If you think you might ever need to use your own stem cells or other body parts in the future, or if you know anyone how might need them, or if you think that what the FDA is doing is a bad idea, then write, fax or email the FDA and tell them. Here are some possible points:

  1. Withdraw the four HCT/P guidance documents
  2. Get out of the business of regulating a person’s use of his own body parts
  3. Any opinions  you might have about where they should place their draft guidance documents, or such other opinions you might have on this regulatory exercise, mindful of the rules of polite discourse, based on your discretion and/or temperament.

Maybe if a few hundred thousand people contact these jokers, they might get the message.


Where to send your comment?

Here is the information I found about sending comments:

“Submit written/paper submissions as follows: • Mail/Hand delivery/Courier (for written/paper submissions): Division of Dockets Management (HFA-305), Food and Drug Administration, 5630 Fishers Lane, rm. 1061, Rockville, MD 20852. • For written/paper comments submitted to the Division of Dockets Management, FDA will post your comment, as well as any attachments, except for information submitted, marked and identified, as confidential, if submitted as detailed in “Instructions.” Instructions: All submissions received must include the Docket No. FDA-2015-D-3719 for “Draft Guidances Relating to the Regulation of Human Cells, Tissues, and Cellular and Tissue-Based Products; Rescheduling of Public Hearing; Request for Comments.”

If you want to go the email route: do one or both:

Or go to Federal eRulemaking Portal:

FYI: here is the sub heading from the eRulemaking Portal:

Make a difference. Submit your comments and let your voice be heard.

That’s good advice.

Here is the FDA Federal Register Notice about the Hearings, where you can read the written comments, and more details on submission of comments.

If you want more details about the issue or love the weeds, here is a link to all my recent posts on this topic. They’re in reverse chronological order, so start with the last one “Are stem cells over?”


Tally ho!


Rick Jaffe


(To Clinton Miller, I hope we can do you proud.)



How many cosmeceuticals can fit on the head of a pin?

How many cosmeceuticals can fit on the head of a pin?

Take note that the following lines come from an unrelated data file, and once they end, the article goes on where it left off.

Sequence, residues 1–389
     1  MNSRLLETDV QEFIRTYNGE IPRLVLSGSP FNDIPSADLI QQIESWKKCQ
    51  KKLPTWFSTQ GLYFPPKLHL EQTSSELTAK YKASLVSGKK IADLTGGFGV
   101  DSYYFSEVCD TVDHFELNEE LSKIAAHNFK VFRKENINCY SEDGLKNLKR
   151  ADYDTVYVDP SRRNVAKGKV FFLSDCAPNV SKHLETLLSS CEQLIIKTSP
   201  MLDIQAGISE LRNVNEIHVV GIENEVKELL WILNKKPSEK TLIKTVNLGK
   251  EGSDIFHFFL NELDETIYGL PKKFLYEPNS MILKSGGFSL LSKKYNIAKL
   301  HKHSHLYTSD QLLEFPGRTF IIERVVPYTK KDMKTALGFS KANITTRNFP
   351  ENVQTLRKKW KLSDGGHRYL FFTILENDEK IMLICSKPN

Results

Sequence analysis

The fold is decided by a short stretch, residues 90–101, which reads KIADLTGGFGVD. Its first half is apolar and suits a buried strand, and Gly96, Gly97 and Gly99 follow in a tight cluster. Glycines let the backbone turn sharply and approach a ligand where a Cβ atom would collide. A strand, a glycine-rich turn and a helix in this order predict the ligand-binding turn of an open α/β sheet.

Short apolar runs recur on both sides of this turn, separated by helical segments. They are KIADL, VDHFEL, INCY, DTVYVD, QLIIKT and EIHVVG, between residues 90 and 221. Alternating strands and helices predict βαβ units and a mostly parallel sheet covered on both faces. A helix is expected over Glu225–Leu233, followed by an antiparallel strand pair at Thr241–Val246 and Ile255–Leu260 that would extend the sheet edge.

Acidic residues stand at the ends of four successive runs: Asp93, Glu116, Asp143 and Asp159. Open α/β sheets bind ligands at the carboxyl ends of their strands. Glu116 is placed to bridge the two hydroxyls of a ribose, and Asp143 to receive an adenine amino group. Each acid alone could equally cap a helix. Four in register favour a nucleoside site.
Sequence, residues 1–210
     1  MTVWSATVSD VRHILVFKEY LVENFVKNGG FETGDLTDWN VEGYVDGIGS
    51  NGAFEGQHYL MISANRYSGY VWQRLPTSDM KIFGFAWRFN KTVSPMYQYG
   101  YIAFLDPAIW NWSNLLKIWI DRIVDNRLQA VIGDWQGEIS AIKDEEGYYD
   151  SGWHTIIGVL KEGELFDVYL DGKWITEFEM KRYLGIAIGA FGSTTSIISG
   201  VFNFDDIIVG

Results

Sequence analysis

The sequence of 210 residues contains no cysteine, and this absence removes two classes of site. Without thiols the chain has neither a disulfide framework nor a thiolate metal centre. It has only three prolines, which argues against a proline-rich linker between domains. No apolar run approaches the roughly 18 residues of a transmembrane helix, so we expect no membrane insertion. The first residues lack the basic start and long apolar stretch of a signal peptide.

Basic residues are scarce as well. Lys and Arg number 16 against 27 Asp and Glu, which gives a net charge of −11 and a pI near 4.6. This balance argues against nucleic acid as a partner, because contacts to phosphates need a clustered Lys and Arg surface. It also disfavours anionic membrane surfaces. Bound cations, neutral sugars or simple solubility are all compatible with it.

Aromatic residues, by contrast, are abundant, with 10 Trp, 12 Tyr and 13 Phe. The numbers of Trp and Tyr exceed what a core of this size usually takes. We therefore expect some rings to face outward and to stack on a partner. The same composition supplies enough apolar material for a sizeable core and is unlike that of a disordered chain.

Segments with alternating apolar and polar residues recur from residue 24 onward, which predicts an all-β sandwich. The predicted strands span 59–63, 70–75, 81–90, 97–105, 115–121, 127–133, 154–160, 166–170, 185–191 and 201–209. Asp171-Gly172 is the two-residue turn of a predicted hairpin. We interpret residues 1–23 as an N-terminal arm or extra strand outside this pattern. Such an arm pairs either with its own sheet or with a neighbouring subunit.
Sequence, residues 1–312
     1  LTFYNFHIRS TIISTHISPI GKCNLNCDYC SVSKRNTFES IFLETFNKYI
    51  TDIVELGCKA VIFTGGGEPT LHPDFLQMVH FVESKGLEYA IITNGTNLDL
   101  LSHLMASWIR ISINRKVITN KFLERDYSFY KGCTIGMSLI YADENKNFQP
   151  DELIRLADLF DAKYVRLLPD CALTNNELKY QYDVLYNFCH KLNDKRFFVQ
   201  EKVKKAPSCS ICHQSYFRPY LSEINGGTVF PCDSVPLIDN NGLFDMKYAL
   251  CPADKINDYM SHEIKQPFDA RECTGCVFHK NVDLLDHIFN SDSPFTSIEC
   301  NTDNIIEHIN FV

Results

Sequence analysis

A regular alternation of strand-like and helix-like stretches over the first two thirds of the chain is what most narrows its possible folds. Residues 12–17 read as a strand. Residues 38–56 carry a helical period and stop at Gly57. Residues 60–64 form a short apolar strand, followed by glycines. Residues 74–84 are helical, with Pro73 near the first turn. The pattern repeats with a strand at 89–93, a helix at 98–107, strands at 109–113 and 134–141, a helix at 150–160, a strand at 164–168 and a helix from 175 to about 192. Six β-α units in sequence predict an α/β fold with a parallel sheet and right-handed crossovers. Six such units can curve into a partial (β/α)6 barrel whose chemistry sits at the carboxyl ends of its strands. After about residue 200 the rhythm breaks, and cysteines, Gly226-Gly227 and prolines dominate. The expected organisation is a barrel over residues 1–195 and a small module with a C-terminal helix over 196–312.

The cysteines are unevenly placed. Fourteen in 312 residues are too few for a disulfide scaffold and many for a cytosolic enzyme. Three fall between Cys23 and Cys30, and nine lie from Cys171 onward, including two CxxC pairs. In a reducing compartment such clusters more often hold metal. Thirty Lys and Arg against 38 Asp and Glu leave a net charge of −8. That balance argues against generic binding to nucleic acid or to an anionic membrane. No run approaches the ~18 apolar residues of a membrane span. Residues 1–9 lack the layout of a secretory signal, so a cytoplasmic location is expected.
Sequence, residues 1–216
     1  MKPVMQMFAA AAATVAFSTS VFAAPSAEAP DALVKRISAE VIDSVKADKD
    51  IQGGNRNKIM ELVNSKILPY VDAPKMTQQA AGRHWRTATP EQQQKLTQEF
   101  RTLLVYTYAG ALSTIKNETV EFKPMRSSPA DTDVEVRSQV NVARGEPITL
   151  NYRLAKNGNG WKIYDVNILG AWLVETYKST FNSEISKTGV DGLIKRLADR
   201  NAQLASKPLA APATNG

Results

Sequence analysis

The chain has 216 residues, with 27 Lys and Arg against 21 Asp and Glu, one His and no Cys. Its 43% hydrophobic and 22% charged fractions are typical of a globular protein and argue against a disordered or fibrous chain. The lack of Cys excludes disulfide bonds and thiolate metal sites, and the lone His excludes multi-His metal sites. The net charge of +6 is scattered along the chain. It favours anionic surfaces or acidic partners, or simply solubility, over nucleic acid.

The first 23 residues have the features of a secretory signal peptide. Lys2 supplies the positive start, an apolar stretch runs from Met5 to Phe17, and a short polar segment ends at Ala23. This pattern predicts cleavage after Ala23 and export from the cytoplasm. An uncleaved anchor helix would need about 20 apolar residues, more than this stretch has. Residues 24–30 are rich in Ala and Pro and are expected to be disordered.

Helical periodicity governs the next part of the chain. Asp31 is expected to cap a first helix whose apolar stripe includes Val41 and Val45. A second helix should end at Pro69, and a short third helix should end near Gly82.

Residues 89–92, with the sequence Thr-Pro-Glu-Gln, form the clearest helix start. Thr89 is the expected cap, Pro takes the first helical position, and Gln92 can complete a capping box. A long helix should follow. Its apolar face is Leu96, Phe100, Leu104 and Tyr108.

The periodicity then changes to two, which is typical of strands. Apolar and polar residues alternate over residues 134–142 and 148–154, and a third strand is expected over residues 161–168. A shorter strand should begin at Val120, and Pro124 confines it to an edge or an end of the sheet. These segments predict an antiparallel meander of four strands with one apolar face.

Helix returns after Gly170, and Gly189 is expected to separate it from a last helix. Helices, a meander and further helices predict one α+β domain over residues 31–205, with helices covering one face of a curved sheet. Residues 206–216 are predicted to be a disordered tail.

How many cosmeceuticals can fit on the head of a pin?

None, according to the FDA, because there is no such thing.  In FDA-land, there are only regular cosmetics which are essentially un-FDA regulated, and cosmetics which are drugs and regulated as drugs, meaning full-on FDA new drug approval applications.

My guess is that the term “cosmeceuticals” was created from an analogy to nutraceuticals which are dietary supplements which have some structure/function type of medical application or value. Nutraceuticals is a thing because DSHEA allows structure/function claims. Cosmeceuticals don’t exist (from a regulatory point of view) because there are no permissible structure/function claims for cosmetics. (More about this later.) So in a way, a cosmeceutical manufacturer is someone who is manufacturing an illegal product, but hasn’t been stopped by the FDA yet. That is the theory anyway.

In truth, I’ve always had some reluctance to dive into the FDA cosmetic legal arena because of what I thought was a regulatory disconnect between the law and FDA enforcement actions. But that has changed in the last year or two. Now the FDA is more aggressive in going after manufacturers/promoters of cosmetics who make drug/disease/structure function claims. In the last eighteen months or so, it has sent at least a half dozen warning letters to cosmetics companies making drug/disease/prevention/structure function claims. Warning letters are sent to specific companies, but they also are one of the FDA’s main tools for ensuring compliance with the law amongst the industry as a whole.

Two definitions

What are cosmetics?

The Federal Food, Drug, and Cosmetic Act (FD&C Act) defines cosmetics by their intended use, as “articles intended to be rubbed, poured, sprinkled, or sprayed on, introduced into, or otherwise applied to the human body…for cleansing, beautifying, promoting attractiveness, or altering the appearance” [FD&C Act, sec. 201(i)].